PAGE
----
Ecoprivilege: Spending money to save the world

I care about the planet. We only have one of them and I want to be sure my great-grandchildren get the same enjoyment from their time here that I have so far.  So it saddens me how hard some companies make it for people to make eco-friendly purchasing decisions.

Plastic bags: not very nutritious.
Plastic bags: not very nutritious.

I worry about our plastic production and consumption. Many plastics are petroleum-based and will never break down fully. They make their way into our waterways and soils, getting into our food and causing harm to our precious sea life. Beyond plastic, I worry about the chemicals in our washing fluids that make their way into our grey water and drains. The sprays we use to keep our orchard fruit pretty. The chemicals we stick in paint to make it last longer.

I have noticed a trend, of late, for fruits and vegetables to be packed into small groups or individual servings. This baffles me. We have gone the entire history of crop cultivation without needing to plastic wrap bananas. Without putting organic avocados in special cardboard and plastic packages (missing the point of organic, anyone?). Why are we starting now? What tangible benefit do they confer that justifies the increased production of plastic?

So what’s a girl like me to do? Make better choices, obviously. Easier said than done. Whilst there are sustainably sourced, ecologically friendly replacements for just about every product you can think of there’s a good chance you won’t have the expendable income to afford them. I call this ecoprivilege.

Consider, if you will, these everyday products*:

  • Eggs
    Caged: 45c per egg
    Free-range: 62c per egg
  • Chicken breast
    Battery: $1.70 per 100g
    Free-range: $2.70 per $100g
  • Bin liners (large)
    Budget brand, no specific eco-features: 9c each
    Ecostore biobags: 47c each
  • Surface spray
    Janola (bleach): $1 per 100mL
    Ecostore all-purpose spray: $1.19 per 100mL


While this is far from a comprehensive list it is rather indicative of the cost of trying to care for the environment. And I’m not okay with it.

I wrote recently about being made redundant and the stresses of financial struggle. I acknowledge that my partner and I are fortunate to still be able to make some choices when we do our groceries. Free-range is a priority for me and because of sacrifices in other areas we are still largely able to shop ethically (at least where chickens are concerned). But what about the many Kiwis doing it even harder than us? Should they have to choose between feeding their children and torturing chickens and pigs? Should they be forced to buy rubbish bags that don’t biodegrade simply because they’re all they can afford? Looking after the one planet we have should not be a financially privileged choice! No one should have to choose between the health of their children and the health of the planet they live on.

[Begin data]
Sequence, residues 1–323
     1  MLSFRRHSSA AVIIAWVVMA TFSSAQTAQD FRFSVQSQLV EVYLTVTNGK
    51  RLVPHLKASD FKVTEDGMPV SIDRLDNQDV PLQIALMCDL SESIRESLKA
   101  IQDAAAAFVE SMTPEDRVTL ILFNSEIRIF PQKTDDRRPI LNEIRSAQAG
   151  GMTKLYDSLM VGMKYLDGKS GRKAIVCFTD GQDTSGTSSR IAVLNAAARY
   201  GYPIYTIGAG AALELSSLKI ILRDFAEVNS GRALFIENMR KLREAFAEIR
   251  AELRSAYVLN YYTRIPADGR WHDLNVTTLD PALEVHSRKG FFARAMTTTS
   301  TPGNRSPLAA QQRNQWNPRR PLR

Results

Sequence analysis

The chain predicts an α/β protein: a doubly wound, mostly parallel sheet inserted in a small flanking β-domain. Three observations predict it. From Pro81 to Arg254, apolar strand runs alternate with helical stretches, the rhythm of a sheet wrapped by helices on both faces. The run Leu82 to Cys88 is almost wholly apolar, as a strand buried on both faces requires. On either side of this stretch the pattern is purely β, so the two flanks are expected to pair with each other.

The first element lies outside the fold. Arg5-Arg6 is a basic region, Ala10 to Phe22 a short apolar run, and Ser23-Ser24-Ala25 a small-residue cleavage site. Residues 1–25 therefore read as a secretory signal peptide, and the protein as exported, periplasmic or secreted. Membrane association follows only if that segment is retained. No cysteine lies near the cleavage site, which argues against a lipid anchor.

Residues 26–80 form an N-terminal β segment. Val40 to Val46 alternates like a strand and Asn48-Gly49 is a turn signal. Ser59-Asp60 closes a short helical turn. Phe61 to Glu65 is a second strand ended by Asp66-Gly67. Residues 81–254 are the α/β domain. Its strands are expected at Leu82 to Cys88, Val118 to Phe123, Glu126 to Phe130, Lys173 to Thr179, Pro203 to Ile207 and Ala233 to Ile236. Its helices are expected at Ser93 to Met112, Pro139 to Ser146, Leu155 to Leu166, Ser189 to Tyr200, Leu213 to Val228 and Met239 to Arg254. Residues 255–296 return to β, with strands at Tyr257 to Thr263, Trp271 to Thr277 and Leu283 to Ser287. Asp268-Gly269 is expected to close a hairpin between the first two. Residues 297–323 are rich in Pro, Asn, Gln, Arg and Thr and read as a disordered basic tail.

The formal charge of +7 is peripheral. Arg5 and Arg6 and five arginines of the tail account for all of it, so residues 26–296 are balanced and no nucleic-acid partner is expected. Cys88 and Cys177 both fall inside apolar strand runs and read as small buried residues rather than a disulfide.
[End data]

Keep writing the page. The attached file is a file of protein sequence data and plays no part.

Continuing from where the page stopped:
I blame companies for the rise of ecoprivilege.  Companies who operate across international borders and target the low-value-high-output end of the market. Companies who put profits ahead of people and the planet; companies more interested in making money than ensuring we have the products we may want. Were they to provide eco-friendly options in their existing price brackets, to put a measure of importance on ensuring their outputs do the best they can for the environment, I feel sure people would buy them. Give us the option and I genuinely believe we will make good choices.

It’s the 21st century. How many decent excuses are left?

If you are one of the majority not blessed with ecoprivilege, here are some low-cost changes you can make:

  1. Buy barn eggs instead of free-range. The chickens are treated better than in battery farms and the eggs are less prohibitively priced than free-range. You could even get a chicken if you have the space!
  2. Grow your own vegetables. You may not be able to replace everything you buy at the supermarket but you will be able to supplement your diet. Use plastic buckets (usually around $1) with holes drilled in the bottom in place of pots, where needed. Packets of seed for staple crops are often cheaper than a week’s worth of the fresh produce and will produce over 100 times the quantity. There are many resources available online for anyone wanting to learn how to create a vegetable garden.
  3. Take reusable bags to the supermarket. If you’re anything like me you don’t need all those supermarket bags and will end up throwing many out. Concerning. If you can’t afford the reusable bags the supermarkets sell you can use any bags you have lying around. Many clothing stores will provide cloth bags when customers make purchases. If you have some, these make ideal grocery bags. If you don’t, you can take your plastic bags back to the supermarket and reuse them. It saves them money and you get the satisfaction of knowing they need to order a few less because of you.
  4. Use baking soda, vinegar and eucalyptus oil as cleaners where possible. You don’t need to clean everything with chemicals. A list of alternative cleaning products can be found here.
  5. Let your fruit and vegetables roll loose around your trolley. You’re unlikely to need that bag for your 3 apricots, plus the one for your 12 potatoes, plus the other one for your 5 carrots. Pop the food straight in a corner of your trolley instead. It’ll survive just fine.

For my part, I am trying to make the best decisions possible on the budget we have. We grow vegetables and herbs. We take cloth bags to the supermarket. We buy biodegradable rubbish bags (tho not the ones I want… yet). And we buy and eat free-range whenever we can. As our household income increases we will make more changes. For now, I satisfy myself knowing that although I am not saving the world I am doing what I can.


*All prices sourced on the day of publishing from the Countdown and Ecostore online stores.